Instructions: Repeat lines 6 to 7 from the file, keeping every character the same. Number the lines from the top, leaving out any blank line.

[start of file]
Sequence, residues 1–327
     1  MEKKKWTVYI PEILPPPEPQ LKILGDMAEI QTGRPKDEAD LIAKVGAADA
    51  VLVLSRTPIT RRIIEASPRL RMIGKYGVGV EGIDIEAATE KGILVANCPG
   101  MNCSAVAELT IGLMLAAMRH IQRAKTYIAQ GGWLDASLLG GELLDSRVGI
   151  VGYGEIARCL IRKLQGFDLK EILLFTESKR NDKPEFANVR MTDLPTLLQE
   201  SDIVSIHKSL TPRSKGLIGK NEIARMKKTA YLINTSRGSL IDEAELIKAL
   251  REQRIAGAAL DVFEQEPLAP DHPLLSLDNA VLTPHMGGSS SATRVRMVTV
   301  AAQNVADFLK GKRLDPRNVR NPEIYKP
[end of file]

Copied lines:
   201  SDIVSIHKSL TPRSKGLIGK NEIARMKKTA YLINTSRGSL IDEAELIKAL
   251  REQRIAGAAL DVFEQEPLAP DHPLLSLDNA VLTPHMGGSS SATRVRMVTV